News Corp investors have voiced their discontent with the running of News Corp. At Friday’s AGM, they attempted to oust the Murdoch brothers from the board and dilute the family’s influence in the company.
Around 35% voted against James Murdoch, News Corp’s deputy chief operating officer, while 34% voted against elder brother Lachlan. News Corp chairman Rupert Murdoch didn’t escape entirely unscathed either. The media mogul received 14% of ‘no’ votes.
James Murdoch, who won the unpopularity contest, was implicated in the recent phone hacking scandal for his alleged knowledge of underhand practices at the News of the World. However, Lachlan plays no part in the day-to-day running of the firm, having resigned from News Corp in 2005.
So, did the shareholders succeed in their coup? Of course not. The Murdoch family controls a 40% stake. Another private investor, Saudi Prince Alwaleed Bin Talal, holds a further 7%. Outside of this pool, the majority of shareholders voted against the Murdoch brothers. Nevertheless, all 15 members of the board were re-elected.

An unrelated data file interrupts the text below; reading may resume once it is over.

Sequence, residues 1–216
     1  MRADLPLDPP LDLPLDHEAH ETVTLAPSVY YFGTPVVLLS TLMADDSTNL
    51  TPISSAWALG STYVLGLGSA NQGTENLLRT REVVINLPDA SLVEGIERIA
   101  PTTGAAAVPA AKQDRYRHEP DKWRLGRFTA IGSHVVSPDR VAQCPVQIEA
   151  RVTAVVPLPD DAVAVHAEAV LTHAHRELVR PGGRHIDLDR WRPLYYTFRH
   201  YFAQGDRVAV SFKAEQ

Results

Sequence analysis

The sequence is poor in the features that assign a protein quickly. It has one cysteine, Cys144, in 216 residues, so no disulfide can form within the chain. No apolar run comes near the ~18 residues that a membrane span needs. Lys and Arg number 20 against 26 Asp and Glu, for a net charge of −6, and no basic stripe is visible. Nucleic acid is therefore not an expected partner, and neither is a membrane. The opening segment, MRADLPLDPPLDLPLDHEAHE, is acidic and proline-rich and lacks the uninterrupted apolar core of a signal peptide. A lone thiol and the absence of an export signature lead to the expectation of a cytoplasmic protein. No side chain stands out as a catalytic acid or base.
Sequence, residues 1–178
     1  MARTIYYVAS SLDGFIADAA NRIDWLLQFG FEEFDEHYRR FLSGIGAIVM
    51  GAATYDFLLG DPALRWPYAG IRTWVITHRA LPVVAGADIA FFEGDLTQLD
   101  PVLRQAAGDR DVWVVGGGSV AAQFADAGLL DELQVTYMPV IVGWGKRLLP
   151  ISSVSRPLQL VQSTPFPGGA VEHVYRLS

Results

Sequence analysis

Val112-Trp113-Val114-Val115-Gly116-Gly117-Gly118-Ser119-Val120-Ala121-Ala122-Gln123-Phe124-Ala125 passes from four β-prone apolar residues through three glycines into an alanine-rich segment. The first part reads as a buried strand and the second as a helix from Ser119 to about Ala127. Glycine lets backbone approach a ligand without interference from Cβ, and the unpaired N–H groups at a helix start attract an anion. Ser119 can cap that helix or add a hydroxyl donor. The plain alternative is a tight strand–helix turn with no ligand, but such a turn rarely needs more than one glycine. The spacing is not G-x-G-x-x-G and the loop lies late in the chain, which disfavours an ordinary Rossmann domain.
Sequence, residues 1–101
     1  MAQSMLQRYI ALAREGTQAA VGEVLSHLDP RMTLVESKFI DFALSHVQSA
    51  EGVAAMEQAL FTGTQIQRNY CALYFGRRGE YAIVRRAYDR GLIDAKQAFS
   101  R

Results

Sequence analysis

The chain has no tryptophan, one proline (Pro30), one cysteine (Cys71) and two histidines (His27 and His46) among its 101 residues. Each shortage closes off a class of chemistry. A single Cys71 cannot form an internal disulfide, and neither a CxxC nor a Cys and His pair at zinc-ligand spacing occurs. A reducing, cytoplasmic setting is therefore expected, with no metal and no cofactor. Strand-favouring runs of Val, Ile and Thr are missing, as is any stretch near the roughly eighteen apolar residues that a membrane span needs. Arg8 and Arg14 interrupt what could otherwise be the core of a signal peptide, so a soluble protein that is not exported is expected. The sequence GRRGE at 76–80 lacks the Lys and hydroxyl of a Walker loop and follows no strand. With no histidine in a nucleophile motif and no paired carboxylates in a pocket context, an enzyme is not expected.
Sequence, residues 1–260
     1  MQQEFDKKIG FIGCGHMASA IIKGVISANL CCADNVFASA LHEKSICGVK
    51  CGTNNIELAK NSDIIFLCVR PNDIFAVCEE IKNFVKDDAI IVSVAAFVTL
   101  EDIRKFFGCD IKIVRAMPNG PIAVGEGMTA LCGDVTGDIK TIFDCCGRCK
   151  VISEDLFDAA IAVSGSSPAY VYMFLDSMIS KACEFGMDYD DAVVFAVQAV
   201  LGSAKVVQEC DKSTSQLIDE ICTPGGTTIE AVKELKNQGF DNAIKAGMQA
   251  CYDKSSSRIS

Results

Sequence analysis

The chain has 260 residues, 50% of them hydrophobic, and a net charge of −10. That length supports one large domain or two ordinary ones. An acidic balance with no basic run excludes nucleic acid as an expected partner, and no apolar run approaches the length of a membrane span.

Anne Simpson, senior portfolio manager at the California Public Employees Retirement System (Calpers), voted against James Murdoch’s re-election. She told the BBC World Service: ‘I think this really tells the board that investors are looking for change, they're looking for robust independence.’
Yesterday, News Corp.'s shares rose 1.1%, to close at $17.40. The share price is still subdued – down 3% – since the phone-hacking scandal broke in early July. Following revelations about the alleged hacking of missing 13-year-old Milly Dowler’s phone, among hundreds of others, News Corp closed the News of the World and dropped its $12bn bid for full control of BSkyB.
But News Corp’s not out of the woods yet. James Murdoch, heir apparent, will appear before the House of Commons Culture, Media and Sport committee once again on 10 November for more questions on his role in the saga.